Other inscriptions were found among the ruins of Nineveh giving additional details of Sennacherib’s invasion of Judah and the tribute paid by Hezekiah. “Perhaps one of the most remarkable coincidences of historic testimony on record, the amount of the treasure in gold taken from Hezekiah, thirty talents, agrees in the two perfectly independent accounts,” wrote Layard. Sir Henry Rawlinson, who helped decipher Assyrian writing, announced that these inscriptions “placed beyond the reach of dispute [Sennacherib’s] historic identity.” Furthermore, Layard asks in his book Nineveh and Babylon: “Who would have believed it probable or possible, before these discoveries were made, that beneath the heap of earth and rubbish which marked the site of Nineveh, there would be found the history of the wars between Hezekiah and Sennacherib, written at the very time when they took place by Sennacherib himself, and confirming even in minute details the Biblical record?”
Of course, some details of Sennacherib’s record do not agree with the Bible. For example, archaeologist Alan Millard notes: “The most striking fact comes at the end [of Sennacherib’s record]. Hezekiah sent his messenger, and all the tribute, to Sennacherib ‘later, to Nineveh’. The Assyrian army did not carry them home in triumph in the usual way.” The Bible states that the tribute was paid before the king of Assyria returned to Nineveh. (2 Kings 18:15-17) Why the difference? And why was Sennacherib unable to boast about conquering the Judean capital, Jerusalem, in the way he boasted of his conquest of the Judean fortress Lachish? Three Bible writers give the answer. One of them, an eyewitness, wrote: “The angel of Jehovah proceeded to go forth and strike down a hundred and eighty-five thousand in the camp of the Assyrians. When people rose up early in the morning, why, there all of them were dead carcasses. Hence Sennacherib the king of Assyria pulled away and went and returned and took up dwelling in Nineveh.”—Isaiah 37:36, 37; 2 Kings 19:35; 2 Chronicles 32:21.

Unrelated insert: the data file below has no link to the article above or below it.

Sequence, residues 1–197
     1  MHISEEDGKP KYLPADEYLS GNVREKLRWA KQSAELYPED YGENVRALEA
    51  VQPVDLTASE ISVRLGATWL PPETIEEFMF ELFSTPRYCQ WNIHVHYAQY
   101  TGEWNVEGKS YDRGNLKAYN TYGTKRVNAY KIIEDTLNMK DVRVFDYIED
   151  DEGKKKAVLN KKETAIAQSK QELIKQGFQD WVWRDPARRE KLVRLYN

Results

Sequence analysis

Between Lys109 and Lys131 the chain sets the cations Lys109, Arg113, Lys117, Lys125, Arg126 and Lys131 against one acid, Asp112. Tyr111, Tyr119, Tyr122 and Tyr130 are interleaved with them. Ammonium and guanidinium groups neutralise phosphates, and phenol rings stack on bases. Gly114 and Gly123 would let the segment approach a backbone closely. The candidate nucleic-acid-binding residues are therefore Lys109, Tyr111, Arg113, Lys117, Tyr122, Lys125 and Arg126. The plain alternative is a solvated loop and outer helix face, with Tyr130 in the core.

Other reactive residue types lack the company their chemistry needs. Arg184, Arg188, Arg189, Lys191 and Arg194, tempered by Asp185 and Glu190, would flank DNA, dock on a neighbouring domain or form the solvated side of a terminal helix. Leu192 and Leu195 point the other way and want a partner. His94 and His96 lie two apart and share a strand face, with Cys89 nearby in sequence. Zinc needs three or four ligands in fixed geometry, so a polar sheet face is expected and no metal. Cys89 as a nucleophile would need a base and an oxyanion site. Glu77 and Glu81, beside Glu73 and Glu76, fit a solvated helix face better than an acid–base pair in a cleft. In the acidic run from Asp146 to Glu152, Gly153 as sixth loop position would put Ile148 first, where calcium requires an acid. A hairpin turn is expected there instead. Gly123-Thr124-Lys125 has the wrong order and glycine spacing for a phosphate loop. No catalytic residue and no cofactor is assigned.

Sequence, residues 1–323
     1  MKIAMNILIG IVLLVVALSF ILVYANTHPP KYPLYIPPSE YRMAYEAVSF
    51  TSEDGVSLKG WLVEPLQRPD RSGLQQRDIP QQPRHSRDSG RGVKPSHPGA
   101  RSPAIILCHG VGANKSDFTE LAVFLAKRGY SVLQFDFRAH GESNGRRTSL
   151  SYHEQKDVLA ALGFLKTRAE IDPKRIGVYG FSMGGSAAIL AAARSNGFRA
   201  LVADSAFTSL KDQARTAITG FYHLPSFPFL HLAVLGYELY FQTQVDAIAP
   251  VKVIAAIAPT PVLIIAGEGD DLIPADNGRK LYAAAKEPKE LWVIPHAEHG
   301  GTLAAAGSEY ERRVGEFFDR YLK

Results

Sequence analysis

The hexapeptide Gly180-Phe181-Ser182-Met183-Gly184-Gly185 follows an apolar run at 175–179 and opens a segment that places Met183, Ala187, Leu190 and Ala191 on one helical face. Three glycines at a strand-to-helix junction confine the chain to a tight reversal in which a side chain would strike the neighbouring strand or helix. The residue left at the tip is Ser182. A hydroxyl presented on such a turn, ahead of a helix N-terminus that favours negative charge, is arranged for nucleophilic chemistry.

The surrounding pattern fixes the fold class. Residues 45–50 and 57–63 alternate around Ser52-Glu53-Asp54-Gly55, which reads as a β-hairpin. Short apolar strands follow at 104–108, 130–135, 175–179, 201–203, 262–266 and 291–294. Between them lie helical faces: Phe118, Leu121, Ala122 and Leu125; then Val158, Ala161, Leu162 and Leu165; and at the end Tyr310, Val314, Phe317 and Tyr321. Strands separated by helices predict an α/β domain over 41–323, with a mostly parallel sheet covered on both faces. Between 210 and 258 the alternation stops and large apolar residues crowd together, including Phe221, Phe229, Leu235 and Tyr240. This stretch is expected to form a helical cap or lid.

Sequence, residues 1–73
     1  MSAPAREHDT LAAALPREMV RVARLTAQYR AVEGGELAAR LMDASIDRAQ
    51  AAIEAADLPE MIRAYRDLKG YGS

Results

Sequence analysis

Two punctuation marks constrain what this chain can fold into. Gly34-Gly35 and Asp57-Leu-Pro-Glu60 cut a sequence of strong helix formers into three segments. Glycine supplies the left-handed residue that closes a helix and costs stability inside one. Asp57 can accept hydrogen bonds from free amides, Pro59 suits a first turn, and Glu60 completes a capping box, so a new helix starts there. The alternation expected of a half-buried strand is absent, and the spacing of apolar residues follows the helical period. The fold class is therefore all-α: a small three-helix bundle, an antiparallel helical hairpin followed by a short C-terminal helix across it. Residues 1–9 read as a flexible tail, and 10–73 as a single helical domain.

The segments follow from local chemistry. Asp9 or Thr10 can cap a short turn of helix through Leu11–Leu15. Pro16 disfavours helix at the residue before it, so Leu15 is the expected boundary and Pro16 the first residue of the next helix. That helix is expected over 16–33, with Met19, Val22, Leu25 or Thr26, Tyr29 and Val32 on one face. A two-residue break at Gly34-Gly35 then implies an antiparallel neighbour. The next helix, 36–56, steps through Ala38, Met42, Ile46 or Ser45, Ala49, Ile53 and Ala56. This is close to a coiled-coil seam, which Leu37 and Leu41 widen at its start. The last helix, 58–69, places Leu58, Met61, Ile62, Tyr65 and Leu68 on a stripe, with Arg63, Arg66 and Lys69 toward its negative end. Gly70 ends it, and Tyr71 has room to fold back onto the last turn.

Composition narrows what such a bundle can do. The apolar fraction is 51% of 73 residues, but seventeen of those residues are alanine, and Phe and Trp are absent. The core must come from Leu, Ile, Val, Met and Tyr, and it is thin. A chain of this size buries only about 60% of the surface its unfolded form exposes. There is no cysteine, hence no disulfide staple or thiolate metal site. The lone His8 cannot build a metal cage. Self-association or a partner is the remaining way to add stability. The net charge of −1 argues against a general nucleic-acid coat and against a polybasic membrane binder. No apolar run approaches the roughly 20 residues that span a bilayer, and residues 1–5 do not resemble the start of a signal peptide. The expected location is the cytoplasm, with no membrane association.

In his book Treasures From Bible Times, Millard concludes: “There is no good reason to doubt this report . . . Understandably, Sennacherib would not record such a disaster for his successors to read, for it would discredit him.” Instead, Sennacherib tried to create the impression that his Judean invasion had been a success and that Hezekiah continued in submission, sending the tribute to Nineveh.
Assyria’s Origins Confirmed
Libraries containing tens of thousands of clay tablets were also discovered in Nineveh. These documents prove that the Assyrian Empire had its roots in the south in Babylon, just as Genesis 10:11 indicates. Following this lead, archaeologists began concentrating their efforts farther south. The Encyclopædia Biblica explains: “The Assyrians in all that they have left behind them betray their Babylonian origin. Their language and method of writing, their literature, their religion, and their science were taken over from their southern neighbours with but little modification.”